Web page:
Saudi Basic Industries Corp (SABIC) has signed an agreement to acquire the 50% that it does not already own in its petrochemical joint venture with Shell Arabia, a unit of Royal Dutch Shell, for $820 million.
SABIC, now one of the world’s largest petrochemical firms, already owns 50% of the joint venture, which is known as SADAF. The partnership agreement between SABIC and Shell Arabia gives SABIC the right to renew or end the partnership by the end of 2020. However, SABIC has decided to acquire Shell Arabia’s full stake in the business, which is the remaining 50%.
SADAF was established in 1980 and operates six petrochemical plants with a total annual output of more than 4 million tons a year of chemicals. It makes a range of products, including ethylene, crude industrial ethanol and styrene, at a complex in Jubail, on the Gulf coast of Saudi Arabia.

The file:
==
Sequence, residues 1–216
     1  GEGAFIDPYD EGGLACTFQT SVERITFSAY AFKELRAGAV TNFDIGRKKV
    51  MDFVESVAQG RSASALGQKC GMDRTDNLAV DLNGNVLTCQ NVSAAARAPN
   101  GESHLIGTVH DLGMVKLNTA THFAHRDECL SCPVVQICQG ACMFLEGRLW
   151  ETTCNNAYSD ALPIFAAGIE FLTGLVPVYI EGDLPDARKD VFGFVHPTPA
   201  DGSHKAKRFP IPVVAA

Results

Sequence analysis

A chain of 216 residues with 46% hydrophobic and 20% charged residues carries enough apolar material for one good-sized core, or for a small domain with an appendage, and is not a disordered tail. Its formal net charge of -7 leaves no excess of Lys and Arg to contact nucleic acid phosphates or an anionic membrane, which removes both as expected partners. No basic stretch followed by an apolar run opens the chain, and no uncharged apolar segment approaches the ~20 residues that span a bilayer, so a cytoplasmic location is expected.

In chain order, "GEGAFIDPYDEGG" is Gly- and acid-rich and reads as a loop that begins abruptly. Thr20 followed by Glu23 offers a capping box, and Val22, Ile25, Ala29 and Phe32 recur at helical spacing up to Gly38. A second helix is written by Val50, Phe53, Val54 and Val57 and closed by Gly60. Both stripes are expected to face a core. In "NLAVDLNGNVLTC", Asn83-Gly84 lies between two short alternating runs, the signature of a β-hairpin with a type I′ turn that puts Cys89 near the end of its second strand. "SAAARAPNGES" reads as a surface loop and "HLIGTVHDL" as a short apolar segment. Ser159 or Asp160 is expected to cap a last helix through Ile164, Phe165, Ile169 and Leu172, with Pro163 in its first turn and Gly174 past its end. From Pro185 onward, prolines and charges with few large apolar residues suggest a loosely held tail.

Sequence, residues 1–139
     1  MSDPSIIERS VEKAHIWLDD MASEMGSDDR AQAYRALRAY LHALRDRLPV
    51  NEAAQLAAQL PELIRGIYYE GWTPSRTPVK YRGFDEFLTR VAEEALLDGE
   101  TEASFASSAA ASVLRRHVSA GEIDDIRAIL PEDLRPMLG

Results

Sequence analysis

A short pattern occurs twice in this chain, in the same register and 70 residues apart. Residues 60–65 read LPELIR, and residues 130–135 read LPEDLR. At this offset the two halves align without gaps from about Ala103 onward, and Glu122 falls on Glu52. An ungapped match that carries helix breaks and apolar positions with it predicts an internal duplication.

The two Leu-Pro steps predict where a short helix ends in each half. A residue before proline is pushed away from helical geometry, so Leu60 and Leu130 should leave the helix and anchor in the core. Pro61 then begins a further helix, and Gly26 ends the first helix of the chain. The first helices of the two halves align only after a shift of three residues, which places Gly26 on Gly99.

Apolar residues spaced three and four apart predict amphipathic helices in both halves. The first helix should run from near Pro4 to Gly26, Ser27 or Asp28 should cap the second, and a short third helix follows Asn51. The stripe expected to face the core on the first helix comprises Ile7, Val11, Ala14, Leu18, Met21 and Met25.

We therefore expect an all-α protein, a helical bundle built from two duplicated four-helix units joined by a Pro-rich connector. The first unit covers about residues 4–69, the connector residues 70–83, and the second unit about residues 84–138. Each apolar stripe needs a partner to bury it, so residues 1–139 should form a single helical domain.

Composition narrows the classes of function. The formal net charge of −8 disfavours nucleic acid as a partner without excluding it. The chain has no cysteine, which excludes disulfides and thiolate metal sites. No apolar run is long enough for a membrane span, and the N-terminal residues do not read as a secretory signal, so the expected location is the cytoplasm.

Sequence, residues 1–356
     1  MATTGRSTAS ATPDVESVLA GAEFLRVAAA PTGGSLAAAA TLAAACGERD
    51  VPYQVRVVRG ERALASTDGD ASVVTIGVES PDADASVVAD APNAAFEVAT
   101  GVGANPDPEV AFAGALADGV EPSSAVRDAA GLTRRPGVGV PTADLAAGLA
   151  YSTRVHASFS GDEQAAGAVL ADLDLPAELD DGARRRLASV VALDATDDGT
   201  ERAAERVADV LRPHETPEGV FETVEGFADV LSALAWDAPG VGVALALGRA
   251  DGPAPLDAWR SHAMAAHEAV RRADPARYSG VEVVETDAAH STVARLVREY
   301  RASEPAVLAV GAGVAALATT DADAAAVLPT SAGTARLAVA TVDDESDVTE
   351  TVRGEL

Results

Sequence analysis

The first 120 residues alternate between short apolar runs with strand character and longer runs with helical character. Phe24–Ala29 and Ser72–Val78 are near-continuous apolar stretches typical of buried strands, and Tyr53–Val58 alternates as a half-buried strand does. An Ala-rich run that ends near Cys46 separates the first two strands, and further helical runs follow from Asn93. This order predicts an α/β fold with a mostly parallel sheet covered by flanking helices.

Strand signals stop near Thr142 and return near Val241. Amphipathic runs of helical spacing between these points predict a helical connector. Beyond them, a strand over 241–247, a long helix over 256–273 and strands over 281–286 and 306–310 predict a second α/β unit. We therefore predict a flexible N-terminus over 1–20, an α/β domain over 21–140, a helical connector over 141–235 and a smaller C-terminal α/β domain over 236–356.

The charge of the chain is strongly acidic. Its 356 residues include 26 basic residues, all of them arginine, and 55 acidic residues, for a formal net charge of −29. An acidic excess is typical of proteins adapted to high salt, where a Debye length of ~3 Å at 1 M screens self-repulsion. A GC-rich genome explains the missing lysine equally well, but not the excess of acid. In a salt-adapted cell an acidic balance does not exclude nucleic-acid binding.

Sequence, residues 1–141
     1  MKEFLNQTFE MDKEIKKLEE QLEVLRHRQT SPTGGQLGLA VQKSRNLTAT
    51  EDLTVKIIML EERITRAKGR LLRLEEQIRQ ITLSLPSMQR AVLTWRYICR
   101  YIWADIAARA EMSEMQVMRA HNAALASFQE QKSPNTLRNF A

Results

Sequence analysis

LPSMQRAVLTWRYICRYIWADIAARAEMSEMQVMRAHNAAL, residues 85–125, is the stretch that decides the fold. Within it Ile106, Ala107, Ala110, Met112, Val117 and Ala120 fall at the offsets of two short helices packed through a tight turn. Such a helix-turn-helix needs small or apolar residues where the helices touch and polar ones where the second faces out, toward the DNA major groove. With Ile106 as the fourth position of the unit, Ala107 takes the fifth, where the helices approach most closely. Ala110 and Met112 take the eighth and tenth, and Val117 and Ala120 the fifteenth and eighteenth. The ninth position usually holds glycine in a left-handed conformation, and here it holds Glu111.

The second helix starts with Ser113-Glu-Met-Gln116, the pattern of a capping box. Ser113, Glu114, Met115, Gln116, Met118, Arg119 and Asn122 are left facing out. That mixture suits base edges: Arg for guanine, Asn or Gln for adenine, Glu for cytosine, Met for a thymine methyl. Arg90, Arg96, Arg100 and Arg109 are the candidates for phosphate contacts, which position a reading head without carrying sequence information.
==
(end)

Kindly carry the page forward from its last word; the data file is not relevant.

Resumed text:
SABIC said the $820 million figure was based on the net value of the venture’s assets. It said the acquisition was in line with a strategy to develop SABIC’s own successful investments. The acquisition agreement is expected to be carried out before the end of this year.
Meanwhile, SABIC is said to have signed another memorandum of understanding with Shell Arabia to boost the companies’ cooperation in unspecified international and local investments.
“We will continue to explore potential future opportunities with SABIC,” confirmed Graham van’t Hoff, Executive Vice President of Chemicals at Shell.